Arguedas, Alcides (1879–1946)
Arguedas, Alcides (1879–1946)
Alcides Arguedas was a Bolivian writer, politician, and diplomat. Born in La Paz on July 15, 1879, Arguedas is considered one of the initiators of realism in Bolivia, and of indigenismo in Latin America. He is well known for his novel Wata Wara (1904), which he rewrote and published as Raza de bronce (1919). His contact with some of the intellectuals of the Spanish "Generation of 1898," mainly with Miguel de Unamuno and Ramiro de Maeztu, is key to an understanding of Arguedas's view of Bolivian reality, as presented in his highly contested sociological study Pueblo enfermo (1909). In this essay Arguedas criticizes his own people for defects of their character, brought on, he suggests, by their oppressive history. This theme was carried over to other books, including his essay La danza de las sombras (1934). Arguedas also wrote historical novels, one of the earliest being Pisagua (1903), which deals with events of the War of the Pacific. His novels, histories, and essays, though controversial because of his biting criticism of Bolivian reality, at the same time were praised for their candid presentation of the nation's past. Arguedas died on May 6, 1946 in Chulumani.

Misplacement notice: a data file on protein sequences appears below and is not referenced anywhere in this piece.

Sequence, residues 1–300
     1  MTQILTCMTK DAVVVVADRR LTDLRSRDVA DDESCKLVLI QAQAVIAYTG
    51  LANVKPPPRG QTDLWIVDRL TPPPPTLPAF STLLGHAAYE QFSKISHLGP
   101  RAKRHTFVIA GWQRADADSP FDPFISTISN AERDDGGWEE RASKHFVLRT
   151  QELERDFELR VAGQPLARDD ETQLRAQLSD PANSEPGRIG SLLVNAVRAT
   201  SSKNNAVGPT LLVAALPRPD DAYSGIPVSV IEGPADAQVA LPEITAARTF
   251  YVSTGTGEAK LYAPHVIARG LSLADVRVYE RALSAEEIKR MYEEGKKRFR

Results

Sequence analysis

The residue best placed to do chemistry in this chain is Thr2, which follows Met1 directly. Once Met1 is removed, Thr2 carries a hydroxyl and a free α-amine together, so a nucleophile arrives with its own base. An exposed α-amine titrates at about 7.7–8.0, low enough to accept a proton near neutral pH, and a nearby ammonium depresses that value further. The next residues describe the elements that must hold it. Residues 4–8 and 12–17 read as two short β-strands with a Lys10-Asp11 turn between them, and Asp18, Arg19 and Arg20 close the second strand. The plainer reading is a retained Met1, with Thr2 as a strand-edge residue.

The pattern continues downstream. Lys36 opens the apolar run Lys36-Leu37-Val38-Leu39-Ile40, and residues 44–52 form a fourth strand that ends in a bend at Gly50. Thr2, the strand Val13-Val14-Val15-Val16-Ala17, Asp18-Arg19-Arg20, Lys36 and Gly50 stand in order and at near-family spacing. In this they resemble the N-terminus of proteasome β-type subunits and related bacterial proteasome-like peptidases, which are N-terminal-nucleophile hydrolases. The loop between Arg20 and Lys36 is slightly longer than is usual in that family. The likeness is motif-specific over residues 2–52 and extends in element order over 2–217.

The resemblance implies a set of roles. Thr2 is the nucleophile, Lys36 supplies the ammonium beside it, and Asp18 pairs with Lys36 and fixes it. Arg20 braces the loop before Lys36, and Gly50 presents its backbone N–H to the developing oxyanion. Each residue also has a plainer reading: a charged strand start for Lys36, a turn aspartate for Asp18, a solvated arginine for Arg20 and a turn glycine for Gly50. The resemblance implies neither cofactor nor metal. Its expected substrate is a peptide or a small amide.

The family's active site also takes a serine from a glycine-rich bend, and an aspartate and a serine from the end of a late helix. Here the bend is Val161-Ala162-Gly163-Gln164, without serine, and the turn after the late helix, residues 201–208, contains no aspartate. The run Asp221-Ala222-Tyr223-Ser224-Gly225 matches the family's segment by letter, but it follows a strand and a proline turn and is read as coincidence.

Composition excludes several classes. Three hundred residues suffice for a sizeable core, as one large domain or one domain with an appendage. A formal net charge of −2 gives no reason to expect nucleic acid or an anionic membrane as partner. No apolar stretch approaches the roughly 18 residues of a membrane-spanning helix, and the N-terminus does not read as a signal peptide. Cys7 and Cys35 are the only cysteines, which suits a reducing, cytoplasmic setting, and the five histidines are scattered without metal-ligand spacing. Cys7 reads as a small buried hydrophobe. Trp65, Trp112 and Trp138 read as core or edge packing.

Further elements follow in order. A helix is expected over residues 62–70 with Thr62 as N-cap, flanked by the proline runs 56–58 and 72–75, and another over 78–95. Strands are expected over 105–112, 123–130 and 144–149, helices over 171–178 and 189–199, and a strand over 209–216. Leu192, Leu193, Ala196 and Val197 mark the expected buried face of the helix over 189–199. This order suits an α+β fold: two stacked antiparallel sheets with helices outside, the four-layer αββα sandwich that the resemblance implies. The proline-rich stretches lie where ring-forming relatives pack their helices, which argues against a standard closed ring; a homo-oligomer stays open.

Arnade, Charles. "The Historiography of Colonial and Modern Bolivia." Hispanic American Historical Review 42 (1962): 333-384.
Sanjinés C., Javier. Mestizaje Upside-Down: Aesthetic Politics in Modern Bolivia. Pittsburgh, PA: University of Pittsburgh Press, 2004. See esp. pp. 45-47.
Jack Ray Thomas
Javier SanjinÉs C.
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